One greenfield opportunity presents itself by reaching audiences through travel influencers on social media. Companies that can lower their customer acquisition costs by redirecting marketing budgets towards utilizing this community stand to win a key traveler demographic—and avoid SEO spending battles with the sizable marketing budgets of online travel agencies. These online travel agencies, among other legacy incumbents in the travel industry, have not prioritized their social media efforts. Google Senior Vice President, Prabhakar Raghavan, shared their internal studies found that almost 40% of young people go to TikTok or Instagram when searching for a place for lunch. Quick, bite-sized video recommendations on TikTok appeal to this younger consumer, and the same effect will apply to travel recommendation videos across these channels.[8] As legacy incumbents prioritize their energy and budgets on winning across Google Ads and SEO, they fail to adjust to behavioral shifts from consumers and will struggle to catch up.

Rebounding Travel Across Customer Demographics:

We theorize that travel should see a significant increase across financial customer demographics as customers seek experiential locations with pent-up demand from the travel restrictions over the past two years. Travel research out of McKinsey reveals that, despite recessionary fears and price increases due to inflation, consumers are sticking to their travel plans—only making slight adjustments to shorten trips or find closer destinations. The company’s U.S. traveler survey from June 2022 questions how price increases will impact summer travel plans—and the chart below verifies many expect little to no changes to their trips.[9]

Screen Shot 2022 11 10 at 10.49.48 AM

Although luxury trips are hyper-personalized and represent a small number of customers, the luxury sector spent $363 billion on travel in 2019 and, on average, the American luxury traveler spends almost double the average U.S. traveler.[10] An American Express poll conducted in 2021 reveals that 61% of travelers plan to spend more than usual on trips to account for abandoned travel plans in 2020.[11] This desire is paired with a global savings increase—households have saved $5.4 trillion more than their expected average levels of savings.[12] Again, focusing on the luxury segment provides even more optimism: The richest 40% of Americans hold almost two-thirds of the more than $2 trillion in U.S. household savings above the normal trend, according to a report out of Goldman Sachs. In light of the strong US dollar, American consumers may feel more drawn to international travel knowing that that dining and shopping across the globe feel more affordable.  This capital will be used—and innovative travel companies that can appeal to this sector, through the inspiration, booking, or experiential parts of trips, are set to grow significantly.

Travel companies are increasingly aware of this savings budget across financial demographics and the desire to travel that accompanies it, focusing on building ancillary offerings to service these customers. Airlines are taking notice of steady spending on premium air travel, with many players like Delta and British Airways investing to add premium economy cabins to their aircraft to profit from eager travelers with the budget to splurge on comfort for longer international flights.[13] Additionally, the emergence of various solutions, like layaway or cancellation insurance, allows for more spontaneous travel plans and flexibility for all travelers. In fact, Hopper, a large Canadian online travel agency, revealed that travelers are willing to spend an added $40 on their trips for flexibility and the peace of mind it brings, based on a study of their users.[14] With luxury travel’s rebound, airlines adjusting for more categories of travelers, and a global pent-up demand, vacation activities and accommodations will receive unprecedented spend in the coming years.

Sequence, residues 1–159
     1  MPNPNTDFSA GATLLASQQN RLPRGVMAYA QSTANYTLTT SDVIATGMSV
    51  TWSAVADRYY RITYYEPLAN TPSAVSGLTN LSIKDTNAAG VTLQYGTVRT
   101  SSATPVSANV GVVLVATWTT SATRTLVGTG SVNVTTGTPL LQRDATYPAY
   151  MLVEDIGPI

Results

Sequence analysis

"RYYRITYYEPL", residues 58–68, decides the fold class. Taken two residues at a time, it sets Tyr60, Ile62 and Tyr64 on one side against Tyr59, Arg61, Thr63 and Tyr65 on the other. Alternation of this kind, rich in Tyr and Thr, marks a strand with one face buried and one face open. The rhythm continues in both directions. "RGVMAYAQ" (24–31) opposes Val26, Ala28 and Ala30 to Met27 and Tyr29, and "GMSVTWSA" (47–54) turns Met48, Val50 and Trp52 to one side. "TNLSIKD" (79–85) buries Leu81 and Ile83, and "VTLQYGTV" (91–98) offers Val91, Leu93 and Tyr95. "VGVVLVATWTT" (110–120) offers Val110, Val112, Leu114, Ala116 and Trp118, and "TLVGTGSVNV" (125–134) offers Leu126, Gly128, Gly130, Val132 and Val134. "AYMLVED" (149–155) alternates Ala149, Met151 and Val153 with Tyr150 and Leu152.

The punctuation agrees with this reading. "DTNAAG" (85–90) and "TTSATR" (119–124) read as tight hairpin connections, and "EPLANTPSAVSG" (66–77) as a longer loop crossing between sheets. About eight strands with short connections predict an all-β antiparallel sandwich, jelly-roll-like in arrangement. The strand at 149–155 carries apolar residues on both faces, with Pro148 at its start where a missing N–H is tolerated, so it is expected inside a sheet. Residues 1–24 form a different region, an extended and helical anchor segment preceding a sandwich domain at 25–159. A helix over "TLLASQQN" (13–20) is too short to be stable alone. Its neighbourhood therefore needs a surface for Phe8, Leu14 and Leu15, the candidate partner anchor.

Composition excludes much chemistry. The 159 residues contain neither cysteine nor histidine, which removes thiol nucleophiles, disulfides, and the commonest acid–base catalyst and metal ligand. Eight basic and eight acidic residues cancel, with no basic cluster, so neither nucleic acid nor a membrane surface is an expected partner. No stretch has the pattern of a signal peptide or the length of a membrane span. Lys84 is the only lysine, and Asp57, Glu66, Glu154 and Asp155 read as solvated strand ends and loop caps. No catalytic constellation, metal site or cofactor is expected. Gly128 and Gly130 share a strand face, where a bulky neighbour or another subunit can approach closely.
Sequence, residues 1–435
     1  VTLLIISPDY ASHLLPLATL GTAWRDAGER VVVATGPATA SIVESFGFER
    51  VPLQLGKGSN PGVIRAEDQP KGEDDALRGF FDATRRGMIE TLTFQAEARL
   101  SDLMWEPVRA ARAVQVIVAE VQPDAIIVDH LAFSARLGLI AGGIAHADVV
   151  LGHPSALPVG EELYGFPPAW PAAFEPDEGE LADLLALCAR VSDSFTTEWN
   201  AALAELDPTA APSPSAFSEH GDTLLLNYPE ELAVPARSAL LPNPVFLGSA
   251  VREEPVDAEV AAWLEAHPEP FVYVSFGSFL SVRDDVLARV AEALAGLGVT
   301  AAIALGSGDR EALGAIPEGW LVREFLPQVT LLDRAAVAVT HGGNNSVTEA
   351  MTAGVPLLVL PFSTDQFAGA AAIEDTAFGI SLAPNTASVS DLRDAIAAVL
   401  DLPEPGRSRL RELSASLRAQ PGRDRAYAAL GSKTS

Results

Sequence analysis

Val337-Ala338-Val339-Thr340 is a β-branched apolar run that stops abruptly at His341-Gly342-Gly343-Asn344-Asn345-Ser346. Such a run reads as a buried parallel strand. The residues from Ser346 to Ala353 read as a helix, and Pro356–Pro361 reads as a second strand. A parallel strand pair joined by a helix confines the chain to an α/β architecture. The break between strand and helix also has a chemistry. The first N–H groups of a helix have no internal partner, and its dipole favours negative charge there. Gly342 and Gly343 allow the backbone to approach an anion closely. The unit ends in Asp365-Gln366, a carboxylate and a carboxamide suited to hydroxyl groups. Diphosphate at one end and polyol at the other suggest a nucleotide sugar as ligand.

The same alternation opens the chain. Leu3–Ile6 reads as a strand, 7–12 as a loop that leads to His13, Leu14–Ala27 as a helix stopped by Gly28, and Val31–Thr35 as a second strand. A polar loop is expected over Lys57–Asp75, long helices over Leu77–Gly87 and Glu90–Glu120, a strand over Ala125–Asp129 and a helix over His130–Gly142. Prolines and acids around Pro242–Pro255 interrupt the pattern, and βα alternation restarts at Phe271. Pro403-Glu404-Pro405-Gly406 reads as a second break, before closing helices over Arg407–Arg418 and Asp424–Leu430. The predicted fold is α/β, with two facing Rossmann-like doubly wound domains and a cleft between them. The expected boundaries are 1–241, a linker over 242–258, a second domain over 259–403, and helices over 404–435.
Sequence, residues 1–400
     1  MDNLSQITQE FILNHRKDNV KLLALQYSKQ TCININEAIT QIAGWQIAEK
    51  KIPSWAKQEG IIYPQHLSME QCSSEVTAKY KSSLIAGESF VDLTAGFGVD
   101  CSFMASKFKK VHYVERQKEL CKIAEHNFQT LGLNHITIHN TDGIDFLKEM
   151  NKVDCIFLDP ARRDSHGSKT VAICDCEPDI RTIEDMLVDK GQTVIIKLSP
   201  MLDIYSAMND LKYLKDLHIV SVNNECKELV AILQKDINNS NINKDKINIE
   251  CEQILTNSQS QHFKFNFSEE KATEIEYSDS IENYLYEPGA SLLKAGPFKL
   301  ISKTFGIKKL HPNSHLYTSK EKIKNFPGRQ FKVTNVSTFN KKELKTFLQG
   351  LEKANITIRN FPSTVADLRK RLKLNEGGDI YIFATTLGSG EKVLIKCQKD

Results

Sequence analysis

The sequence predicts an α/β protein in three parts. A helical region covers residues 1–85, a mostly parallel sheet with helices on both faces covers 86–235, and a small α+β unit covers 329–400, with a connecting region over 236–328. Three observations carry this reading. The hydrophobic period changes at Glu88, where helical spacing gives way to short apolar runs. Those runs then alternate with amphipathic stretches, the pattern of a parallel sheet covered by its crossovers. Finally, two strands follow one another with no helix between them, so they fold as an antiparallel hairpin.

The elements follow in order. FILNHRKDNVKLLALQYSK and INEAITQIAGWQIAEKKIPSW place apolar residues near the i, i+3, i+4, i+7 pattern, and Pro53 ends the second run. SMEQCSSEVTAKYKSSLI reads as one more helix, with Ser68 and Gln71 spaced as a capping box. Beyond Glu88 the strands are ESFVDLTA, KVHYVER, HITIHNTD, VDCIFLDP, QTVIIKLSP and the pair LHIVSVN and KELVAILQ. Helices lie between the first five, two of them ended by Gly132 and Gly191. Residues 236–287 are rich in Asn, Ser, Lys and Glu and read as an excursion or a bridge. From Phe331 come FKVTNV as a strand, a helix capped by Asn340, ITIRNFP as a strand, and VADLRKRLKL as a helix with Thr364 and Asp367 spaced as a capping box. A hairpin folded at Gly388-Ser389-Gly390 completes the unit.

The End of Traditional Seasonality in Travel:

The growing digitization and flexibility of the workplace have resulted in a convergence of business and leisure travel. As remote and hybrid work options become increasingly necessary for companies to retain talent, a significant opportunity appears for travel companies through the elimination of stricter vacation windows and the growth of business trips-turned-vacations. This flexibility grants workers the freedom to take more impromptu weekend trips, but mainly it results in the growth of long-term stays—which were at an all-time high on Airbnb in Q1 2022.[15] During this same quarter, Airbnb reported almost half of all trips booked lasted at least a week. A travel report out of Deloitte defined a working traveler demographic, “laptop-luggers”, that is adding several days to their leisure trips knowing they can work remotely from their vacation spot.[16] As corporate travel rebounds, young companies can take advantage of longer trips and offsite team travel, while keeping an eye on new opportunities in light of more flexible work environments across the globe.

Despite recessionary fears, travel will continue to boom in the coming years as various consumer profiles prioritize trips that fulfill their pent-up travel desires. Rather than competing against the enormous budgets of incumbents in this industry, we see unique opportunities for younger companies to find value in luxury travel, social media, and the shifting nature of corporate trips.

About the Author

Matteo Palacardo

MATTEO PALACARDO
matteop@volitioncapital.com

Matteo is an Analyst on the Internet & Consumer team. He is responsible for sourcing and evaluating new investment opportunities in transactional Internet and consumer product companies.

PRIOR EXPERIENCE & EDUCATION
  • Matteo graduated from the McDonough School of Business at Georgetown University with a double major in Finance and Marketing
  • He served as CEO of Georgetown Ventures, the university’s undergraduate entrepreneurship club that operates as a startup incubator and accelerator
  • In 2021, his team of Georgetown undergraduates won the global championship for the Undergraduate Venture Capital Investment Competition
  • Throughout his college career, he explored countless industries with various roles such as a Marketing Intern for Nutella, an Operations Intern for FENDI, and a consultant for a startup advisory firm, before finding his passion for venture capital with TDF Ventures, an early-stage VC in Washington, D.C.

References:
[1] Vrbo
[2] Wall Street Journal
[3] LinkedIn
[4] Statista
[5] Statista
[6] Arriva
[7] The Morning Consult
[8]  The New York Times
[9] McKinsey & Company
[10] Skift
[11] American Express
[12] Goldman Sachs
[13] Skift
[14] Skift
[15] Airbnb
[16] Deloitte